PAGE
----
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China’s attempt to emerge as a key Intellectual Property (IP) hub began in 2008 with its formulation of the Outline of National IP Strategy (“IP Strategy”). This provided for a roadmap that will enable China to become a nation capable of creating, utilising and protecting IP by 2020. As part of executing this strategy China indulged in a number of judicial reforms to strengthen IP protection that included the establishment of a centralized jurisdiction over some hi-tech patent litigation, setting up a “three-in-one” adjudication for civil, administrative and criminal IP cases under a single tribunal etc.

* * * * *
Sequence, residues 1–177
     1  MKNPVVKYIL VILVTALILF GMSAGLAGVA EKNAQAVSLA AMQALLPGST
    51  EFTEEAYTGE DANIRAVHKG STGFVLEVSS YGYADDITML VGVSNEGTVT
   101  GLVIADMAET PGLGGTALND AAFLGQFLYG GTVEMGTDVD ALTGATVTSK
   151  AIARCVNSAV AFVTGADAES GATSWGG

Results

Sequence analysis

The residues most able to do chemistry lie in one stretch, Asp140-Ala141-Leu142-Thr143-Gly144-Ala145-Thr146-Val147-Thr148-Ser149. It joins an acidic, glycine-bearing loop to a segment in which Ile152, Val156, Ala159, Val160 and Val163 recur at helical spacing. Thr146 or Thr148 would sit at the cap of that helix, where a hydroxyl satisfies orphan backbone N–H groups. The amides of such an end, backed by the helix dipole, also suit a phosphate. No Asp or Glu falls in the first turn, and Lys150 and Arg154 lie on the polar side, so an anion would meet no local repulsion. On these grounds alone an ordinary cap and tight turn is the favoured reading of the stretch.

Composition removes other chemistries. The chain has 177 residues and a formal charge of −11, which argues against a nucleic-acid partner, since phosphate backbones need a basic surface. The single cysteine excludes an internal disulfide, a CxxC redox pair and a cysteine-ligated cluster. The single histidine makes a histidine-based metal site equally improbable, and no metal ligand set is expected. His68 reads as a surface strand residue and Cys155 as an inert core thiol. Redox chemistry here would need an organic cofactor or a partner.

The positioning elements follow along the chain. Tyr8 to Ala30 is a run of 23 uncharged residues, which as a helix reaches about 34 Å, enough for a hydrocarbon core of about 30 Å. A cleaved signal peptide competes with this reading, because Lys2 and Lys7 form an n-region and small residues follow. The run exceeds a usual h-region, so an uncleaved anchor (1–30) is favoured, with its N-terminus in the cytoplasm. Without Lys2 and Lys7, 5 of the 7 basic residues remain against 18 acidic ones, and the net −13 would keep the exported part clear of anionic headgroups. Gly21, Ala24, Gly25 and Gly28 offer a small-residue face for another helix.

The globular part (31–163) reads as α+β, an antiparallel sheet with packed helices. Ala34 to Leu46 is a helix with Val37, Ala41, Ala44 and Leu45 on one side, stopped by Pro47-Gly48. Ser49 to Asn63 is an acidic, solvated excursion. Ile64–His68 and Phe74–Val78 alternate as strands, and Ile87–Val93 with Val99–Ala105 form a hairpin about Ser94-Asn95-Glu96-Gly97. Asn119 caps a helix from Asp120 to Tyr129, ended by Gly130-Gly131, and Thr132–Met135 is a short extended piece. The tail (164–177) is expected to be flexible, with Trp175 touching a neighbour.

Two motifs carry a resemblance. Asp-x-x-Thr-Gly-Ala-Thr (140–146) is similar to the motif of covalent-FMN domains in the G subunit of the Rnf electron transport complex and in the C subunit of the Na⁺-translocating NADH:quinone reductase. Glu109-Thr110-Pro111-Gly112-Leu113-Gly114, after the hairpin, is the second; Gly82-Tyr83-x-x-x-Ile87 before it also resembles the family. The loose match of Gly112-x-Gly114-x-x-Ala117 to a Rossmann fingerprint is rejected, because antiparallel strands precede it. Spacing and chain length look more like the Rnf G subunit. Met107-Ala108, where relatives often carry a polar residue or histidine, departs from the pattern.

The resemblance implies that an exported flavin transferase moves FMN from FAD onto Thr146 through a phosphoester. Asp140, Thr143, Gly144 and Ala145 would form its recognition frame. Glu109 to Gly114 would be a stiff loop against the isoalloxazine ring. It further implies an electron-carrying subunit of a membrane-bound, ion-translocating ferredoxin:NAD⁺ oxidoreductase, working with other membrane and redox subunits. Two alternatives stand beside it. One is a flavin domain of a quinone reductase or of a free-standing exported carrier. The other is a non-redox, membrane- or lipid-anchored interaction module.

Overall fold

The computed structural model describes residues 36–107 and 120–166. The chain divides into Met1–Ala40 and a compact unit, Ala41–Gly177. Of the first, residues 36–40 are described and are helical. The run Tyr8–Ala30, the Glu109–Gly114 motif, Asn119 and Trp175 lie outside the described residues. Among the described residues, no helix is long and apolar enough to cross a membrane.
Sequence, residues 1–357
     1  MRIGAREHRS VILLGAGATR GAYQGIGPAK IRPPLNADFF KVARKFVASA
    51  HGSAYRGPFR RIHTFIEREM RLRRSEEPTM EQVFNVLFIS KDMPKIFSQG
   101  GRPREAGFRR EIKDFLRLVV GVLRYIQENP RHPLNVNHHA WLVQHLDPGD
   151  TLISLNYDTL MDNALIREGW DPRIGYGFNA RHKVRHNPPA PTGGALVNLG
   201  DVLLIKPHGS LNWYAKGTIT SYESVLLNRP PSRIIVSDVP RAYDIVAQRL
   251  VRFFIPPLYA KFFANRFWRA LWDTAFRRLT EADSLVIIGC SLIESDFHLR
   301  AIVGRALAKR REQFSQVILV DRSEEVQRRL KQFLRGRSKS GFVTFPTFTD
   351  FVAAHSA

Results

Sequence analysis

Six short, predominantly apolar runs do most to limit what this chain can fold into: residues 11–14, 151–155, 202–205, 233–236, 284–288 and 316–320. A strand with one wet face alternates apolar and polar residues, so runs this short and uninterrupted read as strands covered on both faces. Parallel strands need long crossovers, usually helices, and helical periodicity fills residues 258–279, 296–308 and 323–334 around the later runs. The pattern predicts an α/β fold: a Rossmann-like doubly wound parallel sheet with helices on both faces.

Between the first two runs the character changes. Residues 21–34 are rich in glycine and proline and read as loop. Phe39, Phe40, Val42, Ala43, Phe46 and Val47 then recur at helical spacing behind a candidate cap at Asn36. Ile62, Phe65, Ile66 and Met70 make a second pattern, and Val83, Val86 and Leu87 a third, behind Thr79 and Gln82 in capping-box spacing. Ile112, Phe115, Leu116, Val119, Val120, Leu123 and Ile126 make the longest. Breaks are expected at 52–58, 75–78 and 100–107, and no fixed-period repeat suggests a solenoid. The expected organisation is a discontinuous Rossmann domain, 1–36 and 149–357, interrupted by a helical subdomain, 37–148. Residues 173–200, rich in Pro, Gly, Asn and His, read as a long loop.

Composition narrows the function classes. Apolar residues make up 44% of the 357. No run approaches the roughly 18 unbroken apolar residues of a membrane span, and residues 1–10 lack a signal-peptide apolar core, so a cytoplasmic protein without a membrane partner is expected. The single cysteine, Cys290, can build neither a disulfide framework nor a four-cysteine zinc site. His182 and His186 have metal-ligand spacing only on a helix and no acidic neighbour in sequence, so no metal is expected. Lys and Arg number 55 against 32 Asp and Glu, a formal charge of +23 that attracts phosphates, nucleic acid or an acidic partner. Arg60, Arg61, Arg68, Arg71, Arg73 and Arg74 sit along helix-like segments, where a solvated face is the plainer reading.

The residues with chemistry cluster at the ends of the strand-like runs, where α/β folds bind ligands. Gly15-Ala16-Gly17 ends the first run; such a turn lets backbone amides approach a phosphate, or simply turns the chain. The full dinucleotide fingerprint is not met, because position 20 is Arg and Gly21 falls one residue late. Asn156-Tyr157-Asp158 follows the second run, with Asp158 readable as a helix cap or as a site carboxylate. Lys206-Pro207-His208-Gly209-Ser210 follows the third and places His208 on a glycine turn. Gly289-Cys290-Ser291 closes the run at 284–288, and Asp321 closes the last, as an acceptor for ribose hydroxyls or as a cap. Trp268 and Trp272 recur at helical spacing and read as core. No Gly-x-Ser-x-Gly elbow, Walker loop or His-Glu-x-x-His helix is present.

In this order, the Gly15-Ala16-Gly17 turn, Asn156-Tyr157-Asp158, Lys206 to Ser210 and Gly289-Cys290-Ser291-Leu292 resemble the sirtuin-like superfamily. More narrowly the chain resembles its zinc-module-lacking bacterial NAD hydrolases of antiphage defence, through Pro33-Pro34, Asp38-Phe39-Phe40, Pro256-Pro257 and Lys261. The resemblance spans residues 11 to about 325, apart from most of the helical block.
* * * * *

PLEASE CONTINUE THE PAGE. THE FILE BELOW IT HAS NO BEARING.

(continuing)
Since the framing of this well-thought IP Strategy, the Chinese IP system has witnessed some path-breaking changes. They include constitution of specialized IP Courts in Beijing, Shanghai and Guangzhou by 2014 and creation of four new specialized IP Tribunals in Nanjing, Suzhou, Chengdu and Wuhan by early 2017. The setting up of these three IP Courts has led to substantial progress in IP enforcement. These courts have the jurisdiction to try cases involving trade/technical secrets, patents, computer software, plant varieties, integrated circuit layout designs, and also disputes relating to protection of well-known trademarks and antitrust issues. These IP courts will have original /first instance jurisdiction over IP disputes which are technology-related, hear appeals against decisions of local courts on trade mark and copyright matters. Apart from this the Beijing IP Court can also review decisions of IP Administrative Authorities.